4M - Escalator/stairway landing, transfer between platforms
UP Southbound NYCS-bull-trans-Q.svg toward Stillwell Avenue via Brighton (NYCS-bull-trans-N.svg rush hours via Sea Beach) (57th Street–Seventh Avenue)
Island platform, doors will open on the left, right Handicapped/disabled access
Southbound NYCS-bull-trans-F.svg toward Stillwell Avenue via Culver (57th Street)
LP Northbound NYCS-bull-trans-Q.svg (NYCS-bull-trans-N.svg rush hours) toward 96th Street (72nd Street)
Island platform, doors will open on the left, right Handicapped/disabled access
Northbound NYCS-bull-trans-F.svg toward Jamaica–179th Street (Roosevelt Island)
Lower level Track 1 LIRR East Side Access (under construction)
Track 2 LIRR East Side Access (under construction) →
Elevator to Lexington Avenue on the upper platform, before (top) and after (bottom) renovation

From the Lexington Avenue entrance, there are two short escalators and a stair from the northwest corner, a staircase from the southwest corner, and a short elevator hidden around the corner from the escalators.[45] From the fare control, there are two long escalators and a stair to an intermediate level, and then two shorter escalators and a pair of stairs to a lower mezzanine. Here, the bank splits and there are two separate tubes of two escalators and a stair each to each platform. The platform elevator has its own two turnstiles, and makes three stops (mezzanine, upper platform, lower platform).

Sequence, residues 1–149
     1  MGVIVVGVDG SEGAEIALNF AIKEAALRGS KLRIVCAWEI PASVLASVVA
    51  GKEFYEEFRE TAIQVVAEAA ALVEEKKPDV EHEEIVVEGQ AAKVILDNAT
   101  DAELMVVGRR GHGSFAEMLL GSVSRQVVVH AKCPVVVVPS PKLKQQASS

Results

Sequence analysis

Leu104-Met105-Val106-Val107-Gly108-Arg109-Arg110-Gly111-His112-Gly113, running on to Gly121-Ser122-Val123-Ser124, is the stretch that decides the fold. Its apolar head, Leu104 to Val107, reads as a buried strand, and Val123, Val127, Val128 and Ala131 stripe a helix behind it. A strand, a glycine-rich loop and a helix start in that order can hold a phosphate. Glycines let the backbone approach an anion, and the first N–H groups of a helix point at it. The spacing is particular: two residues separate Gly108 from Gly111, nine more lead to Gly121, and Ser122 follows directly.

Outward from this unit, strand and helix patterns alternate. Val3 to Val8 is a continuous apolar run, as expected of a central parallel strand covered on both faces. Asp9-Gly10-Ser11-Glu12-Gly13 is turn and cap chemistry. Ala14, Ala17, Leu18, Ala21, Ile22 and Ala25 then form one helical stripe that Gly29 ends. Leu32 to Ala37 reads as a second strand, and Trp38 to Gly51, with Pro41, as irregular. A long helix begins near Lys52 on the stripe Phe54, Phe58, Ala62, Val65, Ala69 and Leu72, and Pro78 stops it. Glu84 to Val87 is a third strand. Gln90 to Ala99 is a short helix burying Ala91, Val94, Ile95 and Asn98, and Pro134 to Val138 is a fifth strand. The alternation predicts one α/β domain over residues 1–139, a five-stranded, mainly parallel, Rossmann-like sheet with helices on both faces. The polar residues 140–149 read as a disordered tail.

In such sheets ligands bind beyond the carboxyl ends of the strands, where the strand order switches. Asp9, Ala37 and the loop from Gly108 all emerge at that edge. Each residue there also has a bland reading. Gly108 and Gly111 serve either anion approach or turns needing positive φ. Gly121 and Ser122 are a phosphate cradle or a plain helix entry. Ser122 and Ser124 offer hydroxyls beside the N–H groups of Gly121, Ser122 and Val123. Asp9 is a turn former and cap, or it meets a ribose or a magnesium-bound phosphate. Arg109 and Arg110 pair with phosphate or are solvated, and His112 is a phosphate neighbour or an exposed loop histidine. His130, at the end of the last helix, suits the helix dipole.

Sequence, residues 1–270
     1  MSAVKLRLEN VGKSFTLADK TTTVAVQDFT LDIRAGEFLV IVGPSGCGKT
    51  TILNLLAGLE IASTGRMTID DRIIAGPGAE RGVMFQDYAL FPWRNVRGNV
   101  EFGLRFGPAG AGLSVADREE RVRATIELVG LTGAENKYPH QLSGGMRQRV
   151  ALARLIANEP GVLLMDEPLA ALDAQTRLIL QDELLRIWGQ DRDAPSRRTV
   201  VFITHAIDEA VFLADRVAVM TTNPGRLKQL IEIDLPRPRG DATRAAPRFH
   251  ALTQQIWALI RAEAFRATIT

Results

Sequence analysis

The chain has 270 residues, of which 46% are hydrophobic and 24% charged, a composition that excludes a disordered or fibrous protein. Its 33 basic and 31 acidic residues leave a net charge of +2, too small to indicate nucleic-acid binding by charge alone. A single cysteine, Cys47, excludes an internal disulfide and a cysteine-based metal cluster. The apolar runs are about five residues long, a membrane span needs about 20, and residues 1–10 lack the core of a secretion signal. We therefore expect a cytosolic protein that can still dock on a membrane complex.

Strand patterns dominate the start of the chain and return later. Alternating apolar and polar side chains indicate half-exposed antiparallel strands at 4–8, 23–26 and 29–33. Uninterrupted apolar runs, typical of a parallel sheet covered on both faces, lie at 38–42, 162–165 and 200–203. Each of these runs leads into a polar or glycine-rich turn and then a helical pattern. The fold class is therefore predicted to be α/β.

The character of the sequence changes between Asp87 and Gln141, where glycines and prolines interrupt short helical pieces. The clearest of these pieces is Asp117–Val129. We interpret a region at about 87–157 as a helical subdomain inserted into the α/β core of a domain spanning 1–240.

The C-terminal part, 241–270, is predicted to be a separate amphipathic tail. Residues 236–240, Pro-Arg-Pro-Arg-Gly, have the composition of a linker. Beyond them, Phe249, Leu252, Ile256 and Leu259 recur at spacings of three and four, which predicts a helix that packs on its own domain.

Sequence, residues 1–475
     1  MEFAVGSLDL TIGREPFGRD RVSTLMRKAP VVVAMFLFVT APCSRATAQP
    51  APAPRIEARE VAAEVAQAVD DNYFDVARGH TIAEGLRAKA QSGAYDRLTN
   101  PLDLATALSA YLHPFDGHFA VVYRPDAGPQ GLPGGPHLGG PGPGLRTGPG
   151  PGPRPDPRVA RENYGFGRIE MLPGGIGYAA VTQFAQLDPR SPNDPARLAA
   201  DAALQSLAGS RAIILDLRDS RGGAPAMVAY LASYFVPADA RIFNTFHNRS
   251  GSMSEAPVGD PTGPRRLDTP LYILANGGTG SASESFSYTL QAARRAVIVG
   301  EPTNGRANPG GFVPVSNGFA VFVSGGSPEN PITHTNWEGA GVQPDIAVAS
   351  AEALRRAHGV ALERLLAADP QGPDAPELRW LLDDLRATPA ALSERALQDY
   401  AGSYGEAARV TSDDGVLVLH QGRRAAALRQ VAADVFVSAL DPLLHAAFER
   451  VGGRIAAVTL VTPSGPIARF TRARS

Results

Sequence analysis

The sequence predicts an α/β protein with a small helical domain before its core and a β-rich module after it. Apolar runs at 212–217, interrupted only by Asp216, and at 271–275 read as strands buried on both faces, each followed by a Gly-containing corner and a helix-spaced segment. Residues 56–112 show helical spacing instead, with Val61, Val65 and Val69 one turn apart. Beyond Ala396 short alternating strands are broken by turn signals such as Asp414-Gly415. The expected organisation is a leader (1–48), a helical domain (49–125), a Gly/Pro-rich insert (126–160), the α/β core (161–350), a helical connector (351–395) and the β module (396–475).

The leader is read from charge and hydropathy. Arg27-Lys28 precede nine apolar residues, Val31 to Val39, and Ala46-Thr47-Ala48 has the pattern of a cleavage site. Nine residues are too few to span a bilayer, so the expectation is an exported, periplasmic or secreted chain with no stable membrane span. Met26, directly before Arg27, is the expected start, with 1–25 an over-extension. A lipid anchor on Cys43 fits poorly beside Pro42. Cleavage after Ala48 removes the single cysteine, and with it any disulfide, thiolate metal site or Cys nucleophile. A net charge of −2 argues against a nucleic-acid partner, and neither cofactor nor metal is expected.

The station's upper and lower levels are about 140 feet (43 m) and 155 feet (47 m) deep respectively, making the station among the system's deepest. This depth is because it has to go under the IRT Lexington Avenue Line and other existing infrastructure, in addition to the IND tunnels having to go under the East River a short distance to the east.[14] At the original (1989) mezzanine at Lexington Avenue, there are a total of eight escalators, four staircases and two elevators from the fare mezzanine to platform level. There is an in-building entrance with two escalators and a staircase, and another, stand-alone entrance with a staircase, from the street to the Lexington Avenue fare mezzanine.[14] Two additional staircases between the platform levels are at the eastern end of platforms, past the elevator. A third staircase between the platform levels has been construction.[14]

An eastern mezzanine at Third Avenue, along with stairwells to the platforms, was partially completed in the 1980s but not opened along with the rest of the station. A shaftway, identical to the one on the Lexington Avenue side, contained a sole stairway, as well as beams that may have been intended to support escalators. The stairway led up to an upper mezzanine whose street entrance was sealed off.[16] This area was renovated as part of the Second Avenue Subway construction, and the shaftway was demolished.[63] The new entrances under construction for the Second Avenue Subway will add two new staircases, two new escalators, and five new elevators (one elevator from street level to mezzanine, and four elevators from the mezzanine to the platforms).[24] As of April 2016, the new entrances, escalators, and elevators had been completed. The bank of four elevators leads from the Third Avenue mezzanine to both platform levels at the eastern ends of both platforms, replacing the originally planned escalators due to being more space-efficient.[64] On each platform level, both waiting areas have a piece of the Jean Shin artwork "Elevated."[49] There is also a pattern of the city skyline within the escalator entrance's wall.[65] The Third Avenue entrance and mezzanine opened on December 30, 2016.[45]